It was "like a bolt of lightning out of the blue," Mr. Fagan said.
With no time to lobby the House committee members, TIAA-CREF instead rushed staff - including Chairman John H. Biggs - to Washington to talk to members of the Senate Finance Committee to make sure the Senate version of the bill didn't include a similar provision.
Mr. Biggs also wrote to more than 200 university and college presidents, asking for lobbying support.
Thomas J. Moran, president and chief executive officer of Mutual of America, would not say whether Mutual of America was lobbying Washington legislators about the proposals to revoke its tax-exempt status.
If his company loses its tax-favored treatment, Mr. Moran said, he hopes there will be "some transition period over time, so we have time to put into place the structures we will need to operate as a taxable entity. We don't want to see a sudden reaction."
Meanwhile, Mr. Fagan said if TIAA-CREF loses its status, he can't imagine participant fees will rise that much.
Instead, he expects the company will reduce the amount of profits going into reserve funds backing up annuity policies. TIAA-CREF's reserves already are about twice as large as required by New York state law, Mr. Fagan said.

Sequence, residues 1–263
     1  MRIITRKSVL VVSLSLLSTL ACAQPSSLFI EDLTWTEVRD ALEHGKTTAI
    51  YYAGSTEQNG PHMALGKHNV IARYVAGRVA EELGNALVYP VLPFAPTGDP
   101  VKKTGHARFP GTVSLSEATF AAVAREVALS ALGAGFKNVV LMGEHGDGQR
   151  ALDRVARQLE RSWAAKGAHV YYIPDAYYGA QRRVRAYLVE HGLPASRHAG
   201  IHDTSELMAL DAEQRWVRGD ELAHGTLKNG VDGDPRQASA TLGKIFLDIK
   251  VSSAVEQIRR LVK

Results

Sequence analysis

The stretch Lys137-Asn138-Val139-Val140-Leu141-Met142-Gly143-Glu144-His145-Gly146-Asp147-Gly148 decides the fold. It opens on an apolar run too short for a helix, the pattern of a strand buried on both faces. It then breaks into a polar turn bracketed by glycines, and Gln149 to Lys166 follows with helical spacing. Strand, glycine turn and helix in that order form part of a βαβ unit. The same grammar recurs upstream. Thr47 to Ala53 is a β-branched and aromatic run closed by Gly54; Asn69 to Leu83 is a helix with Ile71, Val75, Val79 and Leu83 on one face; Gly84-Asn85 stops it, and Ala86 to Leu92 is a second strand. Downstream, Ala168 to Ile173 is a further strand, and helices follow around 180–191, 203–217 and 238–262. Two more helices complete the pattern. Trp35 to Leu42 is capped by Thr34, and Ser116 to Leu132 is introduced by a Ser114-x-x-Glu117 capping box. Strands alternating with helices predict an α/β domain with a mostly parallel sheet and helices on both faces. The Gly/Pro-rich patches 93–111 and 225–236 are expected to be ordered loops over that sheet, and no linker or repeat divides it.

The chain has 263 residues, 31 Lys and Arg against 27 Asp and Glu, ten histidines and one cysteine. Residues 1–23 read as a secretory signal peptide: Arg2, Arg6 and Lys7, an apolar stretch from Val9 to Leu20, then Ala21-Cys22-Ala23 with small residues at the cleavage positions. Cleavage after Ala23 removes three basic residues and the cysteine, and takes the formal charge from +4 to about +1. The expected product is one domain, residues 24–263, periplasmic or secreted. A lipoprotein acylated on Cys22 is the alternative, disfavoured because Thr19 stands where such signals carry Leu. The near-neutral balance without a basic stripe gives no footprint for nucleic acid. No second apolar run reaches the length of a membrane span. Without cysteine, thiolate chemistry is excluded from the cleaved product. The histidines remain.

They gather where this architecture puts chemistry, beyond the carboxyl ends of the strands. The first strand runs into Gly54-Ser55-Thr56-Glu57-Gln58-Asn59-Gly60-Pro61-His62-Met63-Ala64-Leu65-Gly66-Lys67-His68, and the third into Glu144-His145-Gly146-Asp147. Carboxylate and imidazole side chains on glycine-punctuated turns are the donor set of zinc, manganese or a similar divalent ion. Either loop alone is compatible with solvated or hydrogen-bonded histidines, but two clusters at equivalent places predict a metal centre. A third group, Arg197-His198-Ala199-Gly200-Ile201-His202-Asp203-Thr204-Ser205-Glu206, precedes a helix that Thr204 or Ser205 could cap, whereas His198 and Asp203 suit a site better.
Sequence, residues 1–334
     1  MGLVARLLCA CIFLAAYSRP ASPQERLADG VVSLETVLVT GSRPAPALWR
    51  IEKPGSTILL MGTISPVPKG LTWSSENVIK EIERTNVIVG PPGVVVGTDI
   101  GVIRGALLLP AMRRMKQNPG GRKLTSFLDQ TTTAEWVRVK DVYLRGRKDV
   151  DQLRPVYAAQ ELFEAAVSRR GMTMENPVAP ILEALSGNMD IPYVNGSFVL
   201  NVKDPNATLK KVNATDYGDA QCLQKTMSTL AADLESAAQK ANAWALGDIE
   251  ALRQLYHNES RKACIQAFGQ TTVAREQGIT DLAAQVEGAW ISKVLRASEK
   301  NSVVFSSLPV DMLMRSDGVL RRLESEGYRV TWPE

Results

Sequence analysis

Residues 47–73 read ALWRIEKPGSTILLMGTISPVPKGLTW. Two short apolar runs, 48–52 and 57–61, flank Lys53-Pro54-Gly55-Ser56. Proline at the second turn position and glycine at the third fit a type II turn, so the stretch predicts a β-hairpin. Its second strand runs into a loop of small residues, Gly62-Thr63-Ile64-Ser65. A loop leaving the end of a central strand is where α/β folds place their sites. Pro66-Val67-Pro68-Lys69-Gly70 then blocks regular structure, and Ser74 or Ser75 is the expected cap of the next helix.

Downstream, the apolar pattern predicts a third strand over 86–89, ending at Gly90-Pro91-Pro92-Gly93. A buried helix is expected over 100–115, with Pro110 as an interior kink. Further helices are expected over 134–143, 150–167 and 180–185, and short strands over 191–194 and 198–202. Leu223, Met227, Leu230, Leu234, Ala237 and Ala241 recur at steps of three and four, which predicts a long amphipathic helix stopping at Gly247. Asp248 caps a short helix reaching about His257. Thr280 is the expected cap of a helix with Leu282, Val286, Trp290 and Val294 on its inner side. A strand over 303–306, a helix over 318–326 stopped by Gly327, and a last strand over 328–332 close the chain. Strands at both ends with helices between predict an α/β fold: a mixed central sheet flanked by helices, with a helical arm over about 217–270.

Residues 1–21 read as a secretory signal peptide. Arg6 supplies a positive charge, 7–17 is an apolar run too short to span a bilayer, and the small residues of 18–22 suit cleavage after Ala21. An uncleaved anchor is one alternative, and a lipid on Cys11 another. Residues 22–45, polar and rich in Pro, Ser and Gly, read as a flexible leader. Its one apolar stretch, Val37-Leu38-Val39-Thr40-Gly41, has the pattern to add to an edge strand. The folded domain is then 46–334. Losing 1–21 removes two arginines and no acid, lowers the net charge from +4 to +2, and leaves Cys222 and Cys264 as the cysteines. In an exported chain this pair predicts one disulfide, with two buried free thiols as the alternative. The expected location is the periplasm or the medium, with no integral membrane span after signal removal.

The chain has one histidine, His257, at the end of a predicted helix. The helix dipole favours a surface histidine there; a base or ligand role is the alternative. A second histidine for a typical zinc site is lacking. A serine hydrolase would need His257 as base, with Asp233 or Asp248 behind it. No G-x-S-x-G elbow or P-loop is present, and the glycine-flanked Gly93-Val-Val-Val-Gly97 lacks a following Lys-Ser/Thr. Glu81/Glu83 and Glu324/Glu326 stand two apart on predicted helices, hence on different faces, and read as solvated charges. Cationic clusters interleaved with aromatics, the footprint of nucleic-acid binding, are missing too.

He said the average inclusive cost for a participant account, which mixes an annuity from TIAA and mutual funds from CREF, is about 35 basis points and is never higher than 40 basis points.
Consultants said fees would increase 20 or 30 basis points in order to cope with taxes.
"I presume it will hamper their competitiveness and they will not be able to avoid some price rise," said Ron Bush, a consultant at Access Research.
TIAA-CREF does pay taxes - about $13 million last year - on its non-pension business, Mr. Fagan noted.
Competitors support the change
Because other American insurance and mutual fund companies' pension services are not tax-exempt, executives at competing firms long have hoped TIAA-CREF would lose its tax-favored status.
They say the company has an unfair competitive advantage in retaining the huge, roughly 50%, market share it has in the 403(b) retirement plan market.
Stephen D. Bickel, chairman and chief executive officer at VALIC, Dallas, said: "We think it is a correction that is long overdue. All of TIAA-CREF's competitors are paying taxes .*.*. and we still provide very attractive products for higher education personnel. We're confident that TIAA-CREF would be able to do the same."
VALIC is one of TIAA-CREF's strongest competitors with $20 billion under management for 403(b) plans.
Camille Lepre, a spokeswoman for Fidelity Investments, Boston, said: "The dynamics in the 403(b) market are that most players are for-profit companies. TIAA-CREF is an anomaly. Competition in this market is not based on companies being for- or not-for-profit. We compete on the basis of the products and services we offer."
Fidelity is the largest mutual fund player in the 403(b) market with nearly $23 billion at June 1.
"In a nutshell, I think taxation will have the effect of leveling the playing field for other vendors. The 403(b) market is being heavily investigated by mutual fund vendors, and TIAA-CREF has been able to keep them at bay, a bit, because their prices are so low," said Karina Istvan, a consultant at Cerulli Associates Inc., Boston.
" . . . If the legislative proposal goes through, the for-profits are going to give a big cheer."